qoitted it in disgust; but on being tried with my passage. After all, no pupil should ever attempt mode of instruction, she found these difficulties this trial in the way of exbibition, as the Comso easily overcome that it gave a sudden turn to mittee so reasonably expected my pupils to do. her mind, and she made as rapid a progress as and as they shall still do, and also play from those wbo had shewn a much more promising figured basses, if they will allow it to be in comcommencement.

petition with their own. Let this be reserved « As for what M. de Monti says of the Chiro. for the perfect master only.” plast, and what he saw in Bohemia before I was

The author's mode of exercise is demonborn, it is too far fetebed, and too long ago to Deed a comment. Whenever be will produce a

strated at the conclusion, with a list of most proof of his assertion it will be sufficient time for respectable names of those who have apme then to bring an answer. But I am sorry for proved his plan, together with a prospectus, him, poor man, he is very much vexed, and says for the perusal of which we refer our readers any thing that comes into his head.”

to his well written work. APPROBATION FROM MEN OP SCIENCE. « Mr. Clementi says, “I have examined your new invention, &c. and I am so well persuaded of

CURIOUS ACCOUNT OF A DEAD its great utility, that I cannot but give it the

MONK'S REANIMATION. warmest approbation and recommendation.' “Mr. Cramer says, 'I consider your invention

It is a well known fact that throughout admirably calculated to lay the best foundation all the monasteries in Sicily the dead bodies for forming the hand of the pupil in the true no. 1 of the mouks are dried and made to stand tion of touching the piano-forte.

erect in niches placed round a kiud of " Mr Kalbrenner says, “I have found your

sepulchral chamber, where one of the bro. Chiroplast as ingenious as useful, not only for a

thers of the holy order take it in turn to beginner, but for every performer who has contracted bad habits in the position of the hands.”

| watch for two hours every night, to put

them in constant mind of the last awful ERROR IN OPINION IN PLAYING AT SIGHT.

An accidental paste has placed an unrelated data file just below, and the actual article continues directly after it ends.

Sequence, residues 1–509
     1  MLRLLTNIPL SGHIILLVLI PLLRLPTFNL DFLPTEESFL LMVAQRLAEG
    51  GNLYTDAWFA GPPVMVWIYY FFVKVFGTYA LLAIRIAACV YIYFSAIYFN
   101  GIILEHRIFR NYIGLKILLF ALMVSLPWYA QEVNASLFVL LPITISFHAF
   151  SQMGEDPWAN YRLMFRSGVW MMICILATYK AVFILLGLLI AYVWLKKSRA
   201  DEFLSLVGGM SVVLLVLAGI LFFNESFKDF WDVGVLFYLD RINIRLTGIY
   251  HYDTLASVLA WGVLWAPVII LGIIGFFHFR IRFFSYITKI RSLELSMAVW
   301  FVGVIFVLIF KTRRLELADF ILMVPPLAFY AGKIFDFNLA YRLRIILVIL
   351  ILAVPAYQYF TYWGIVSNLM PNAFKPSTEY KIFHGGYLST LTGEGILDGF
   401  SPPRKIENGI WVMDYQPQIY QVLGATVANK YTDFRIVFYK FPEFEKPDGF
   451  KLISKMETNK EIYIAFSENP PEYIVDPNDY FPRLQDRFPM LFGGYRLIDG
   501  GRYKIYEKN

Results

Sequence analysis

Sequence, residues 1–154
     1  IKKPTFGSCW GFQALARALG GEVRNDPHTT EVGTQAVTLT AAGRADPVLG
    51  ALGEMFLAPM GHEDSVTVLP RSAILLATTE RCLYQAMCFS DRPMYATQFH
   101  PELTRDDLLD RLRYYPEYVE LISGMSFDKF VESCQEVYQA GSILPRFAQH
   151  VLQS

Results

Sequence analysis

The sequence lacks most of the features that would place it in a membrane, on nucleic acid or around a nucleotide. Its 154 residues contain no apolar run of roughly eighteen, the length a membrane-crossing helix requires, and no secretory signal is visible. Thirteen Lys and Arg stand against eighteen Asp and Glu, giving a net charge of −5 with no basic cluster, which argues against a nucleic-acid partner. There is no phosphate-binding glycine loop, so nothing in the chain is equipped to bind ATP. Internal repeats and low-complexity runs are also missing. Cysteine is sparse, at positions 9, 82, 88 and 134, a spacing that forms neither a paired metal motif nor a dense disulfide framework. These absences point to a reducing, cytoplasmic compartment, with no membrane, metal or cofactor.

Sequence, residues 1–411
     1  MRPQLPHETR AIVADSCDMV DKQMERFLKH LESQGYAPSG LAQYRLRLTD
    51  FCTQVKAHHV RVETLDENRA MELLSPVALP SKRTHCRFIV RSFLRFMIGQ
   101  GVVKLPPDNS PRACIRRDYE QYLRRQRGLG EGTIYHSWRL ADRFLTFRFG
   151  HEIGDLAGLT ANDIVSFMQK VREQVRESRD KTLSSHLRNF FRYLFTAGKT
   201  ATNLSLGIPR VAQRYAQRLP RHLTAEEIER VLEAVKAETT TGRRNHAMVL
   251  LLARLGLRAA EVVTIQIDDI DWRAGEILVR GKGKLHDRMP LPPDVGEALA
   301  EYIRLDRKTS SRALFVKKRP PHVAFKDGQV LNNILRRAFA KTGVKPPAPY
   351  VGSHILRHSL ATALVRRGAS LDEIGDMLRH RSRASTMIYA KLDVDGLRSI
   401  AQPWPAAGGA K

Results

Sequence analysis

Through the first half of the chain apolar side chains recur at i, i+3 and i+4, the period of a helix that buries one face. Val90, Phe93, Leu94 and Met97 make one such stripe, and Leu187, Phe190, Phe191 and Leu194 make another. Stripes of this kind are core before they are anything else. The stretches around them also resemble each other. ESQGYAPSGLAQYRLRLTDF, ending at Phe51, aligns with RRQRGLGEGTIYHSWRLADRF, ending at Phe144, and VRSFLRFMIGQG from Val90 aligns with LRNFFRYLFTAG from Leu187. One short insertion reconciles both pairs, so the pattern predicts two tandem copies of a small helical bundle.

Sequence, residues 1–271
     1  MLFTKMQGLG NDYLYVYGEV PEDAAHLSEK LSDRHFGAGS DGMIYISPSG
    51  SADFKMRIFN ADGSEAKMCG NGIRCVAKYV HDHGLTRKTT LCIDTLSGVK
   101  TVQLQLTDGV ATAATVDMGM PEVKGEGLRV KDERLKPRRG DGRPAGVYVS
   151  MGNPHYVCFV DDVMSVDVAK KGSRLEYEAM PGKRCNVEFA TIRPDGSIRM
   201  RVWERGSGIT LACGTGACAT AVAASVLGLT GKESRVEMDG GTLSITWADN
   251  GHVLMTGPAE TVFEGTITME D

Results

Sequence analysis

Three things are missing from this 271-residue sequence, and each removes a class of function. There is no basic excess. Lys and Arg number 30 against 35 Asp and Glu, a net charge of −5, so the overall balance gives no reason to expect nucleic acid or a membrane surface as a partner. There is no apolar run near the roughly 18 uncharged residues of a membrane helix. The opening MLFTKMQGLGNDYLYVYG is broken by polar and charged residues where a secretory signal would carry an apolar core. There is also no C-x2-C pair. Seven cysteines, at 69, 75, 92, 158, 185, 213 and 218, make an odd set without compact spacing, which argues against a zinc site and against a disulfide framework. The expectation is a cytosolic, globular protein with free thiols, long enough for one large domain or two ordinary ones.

|| change that every one is destiued to un. « The general notion of playing at sight, is derve. that a young lady should sit down to a piece of

A monk of Palermo was passing part of music, never having seen it before, and play it straight onward, from beginning to end, without

the night in the manuer above mentioned, pause or breach of time. To every musician of when in the iuterval of his devotional extaste and judgment this idea is preposterous and ercises, he fancied he heard every now and revolting and indeed wbat can be more so, li then a very unusual noise; and looking whether we consider the injustice done to the steadfastly at that part of the room from author, who is thus abused and misunderstood ;

whence it proceeded, he perceived one of or to the performer, whose blunders and miscon- |! ceptions are thus mortifyingly exposed to every

the dead monks nod to him; he held up ear of the least discrimination. Mr. Cramer,

his lamp, and the head nodded again : he who is, perhaps, gifted with a greater readiness instantly hastened up stairs to the couvent, of reading than any other man, says, there is to acquaint the brethren with this fearful no such thing as playing at sight.' At all events

omen. The monks laughed at his fears, it can only rationally advert to an extraordinary

and persuaded him it was a mere illusion aptitude-such as can be possessed only by a consummate master of his art, in perceiving at a

of the imagination; he, therefore, summonsingle glance the whole drift and design of an